This past Sunday was a busy day of painting, shopping, swing-pushing, barbecuing, the company of friends, and Sunday evening, sitting on the couch to catch up on TV which was promptly interrupted by the announcement: Bin Laden is dead and people are cheering on the streets; my initial reaction? Numbness. I thought of the lives lost, both Muslim and non-Muslim. I thought of how 9/11 forever altered the landscape of this country and my life. The hate not confined to distant lands but bubbling up where I lived; bigotry once hidden now gnashing its teeth without apology. As numbness faded, relief settled in as did a sense of justice. But I still didn’t want to dance. Even the mother who watches the death row inmate die for killing her child does not grin and throw a ticker-tape parade. Yes, his death prevents future atrocities at his hands but his death does not erase what happened, what can never be undone, and the hate that remains like exposed wires.
The next day friends asked, are you okay? I didn’t get it until I turned on the news and found the answer: He was found in Pakistan. They must have known. They’ meaning the country and all its hundred million plus inhabitants. Pakistan is our worst enemy a pundit declared. I then understood my friends concerns. Blame Pakistan. Blame its people. Blame me.
Fifth Grade, the Gulf War began and I was bullied for the crime of sharing the same faith as Saddam Hussein. Those were cruel days and I still bear the scars but as an adult I can look back at those narrowed eyes and tell myself they were children, they didn’t know better. But now? I see the same vitriol by people fully grown. Narrowed eyes taking in a billion plus people and seeing complicity in all. It’s simpler to hate an entire group- blame an entire nation but the truth is not so simple, and to think otherwise is to dehumanize and is dangerous.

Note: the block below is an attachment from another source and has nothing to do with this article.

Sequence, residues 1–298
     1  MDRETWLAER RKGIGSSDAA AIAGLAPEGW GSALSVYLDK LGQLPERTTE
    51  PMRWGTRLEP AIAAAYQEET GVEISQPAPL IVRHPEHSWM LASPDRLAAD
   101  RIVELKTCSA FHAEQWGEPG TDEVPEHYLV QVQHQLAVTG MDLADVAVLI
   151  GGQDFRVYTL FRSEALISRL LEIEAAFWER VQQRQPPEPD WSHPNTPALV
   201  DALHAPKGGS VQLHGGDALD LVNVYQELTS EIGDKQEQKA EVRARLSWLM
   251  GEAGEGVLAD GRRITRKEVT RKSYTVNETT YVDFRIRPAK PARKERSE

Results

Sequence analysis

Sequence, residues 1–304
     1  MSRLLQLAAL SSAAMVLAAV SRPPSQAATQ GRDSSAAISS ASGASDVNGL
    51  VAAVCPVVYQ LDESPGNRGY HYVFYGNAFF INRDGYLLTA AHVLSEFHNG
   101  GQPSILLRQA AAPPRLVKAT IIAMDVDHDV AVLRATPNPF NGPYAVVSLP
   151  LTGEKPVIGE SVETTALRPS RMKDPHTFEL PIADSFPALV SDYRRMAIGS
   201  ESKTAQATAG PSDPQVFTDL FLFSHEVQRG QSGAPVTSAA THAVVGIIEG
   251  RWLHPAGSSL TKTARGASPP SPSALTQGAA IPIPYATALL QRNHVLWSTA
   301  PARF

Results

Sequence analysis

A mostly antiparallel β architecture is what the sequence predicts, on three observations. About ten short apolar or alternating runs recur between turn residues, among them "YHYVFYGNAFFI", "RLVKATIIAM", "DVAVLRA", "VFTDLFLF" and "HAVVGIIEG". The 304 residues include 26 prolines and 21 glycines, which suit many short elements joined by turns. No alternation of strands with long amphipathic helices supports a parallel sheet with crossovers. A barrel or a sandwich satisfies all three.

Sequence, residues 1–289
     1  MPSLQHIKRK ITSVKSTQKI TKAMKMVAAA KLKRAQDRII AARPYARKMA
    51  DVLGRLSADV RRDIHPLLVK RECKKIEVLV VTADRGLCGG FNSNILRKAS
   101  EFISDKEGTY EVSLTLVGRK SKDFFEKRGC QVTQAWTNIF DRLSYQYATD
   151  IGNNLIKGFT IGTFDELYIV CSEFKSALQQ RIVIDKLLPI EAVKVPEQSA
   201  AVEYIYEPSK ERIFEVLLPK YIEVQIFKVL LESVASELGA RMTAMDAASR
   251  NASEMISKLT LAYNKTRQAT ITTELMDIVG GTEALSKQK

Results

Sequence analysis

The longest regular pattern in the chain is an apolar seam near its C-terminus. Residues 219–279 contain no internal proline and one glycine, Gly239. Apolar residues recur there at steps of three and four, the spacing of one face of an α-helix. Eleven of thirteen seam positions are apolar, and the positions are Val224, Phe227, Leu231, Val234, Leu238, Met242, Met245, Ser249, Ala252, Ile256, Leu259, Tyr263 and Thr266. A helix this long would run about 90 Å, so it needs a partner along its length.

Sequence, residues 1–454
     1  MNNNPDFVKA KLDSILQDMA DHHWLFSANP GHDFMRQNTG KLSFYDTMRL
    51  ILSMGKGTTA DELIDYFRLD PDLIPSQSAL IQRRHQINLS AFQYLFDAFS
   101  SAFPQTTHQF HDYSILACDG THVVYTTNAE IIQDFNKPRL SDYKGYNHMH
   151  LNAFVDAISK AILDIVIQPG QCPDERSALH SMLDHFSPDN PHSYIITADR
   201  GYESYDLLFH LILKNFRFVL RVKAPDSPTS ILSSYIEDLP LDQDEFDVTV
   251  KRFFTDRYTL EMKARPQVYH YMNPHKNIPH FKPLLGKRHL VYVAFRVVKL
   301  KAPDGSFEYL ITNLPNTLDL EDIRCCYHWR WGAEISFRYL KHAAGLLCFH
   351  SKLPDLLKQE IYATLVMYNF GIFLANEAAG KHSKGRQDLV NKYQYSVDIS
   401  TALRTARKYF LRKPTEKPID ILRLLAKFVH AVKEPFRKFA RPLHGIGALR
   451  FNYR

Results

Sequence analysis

Did the Pakistani government know Bin Laden was there? I don’t know. Did I? No. I’m a teacher. A lawyer. A writer. A mother. A wife. A sister. A daughter. I am sometimes moody. Often gullible. I love Mad Men. And Sunflowers. I am Muslim. I am not a terrorist and I am not going to explain or apologize for anyone’s actions but my own and perhaps that of my child if he knocked over your drink. Sorry about that.
I planned to write a three beautiful things post about my son’s first birthday but with fingers pointed at a country of millions who like me, are 99.9% blameless, I feel I have to say something however impotent these words may be. The happenings of the world matter and a man who caused too much pain to too many people and spit upon my faith is gone. This is a good thing; but my life is lived in the little corner of the world I inhabit and I try to inhabit it with integrity trying to be the best friend, sister, mother, wife, daughter I can be. I hope when you see me, that is what you see.
I’ve never wished a man dead, but I have read some obituaries with great pleasure- Mark Twain.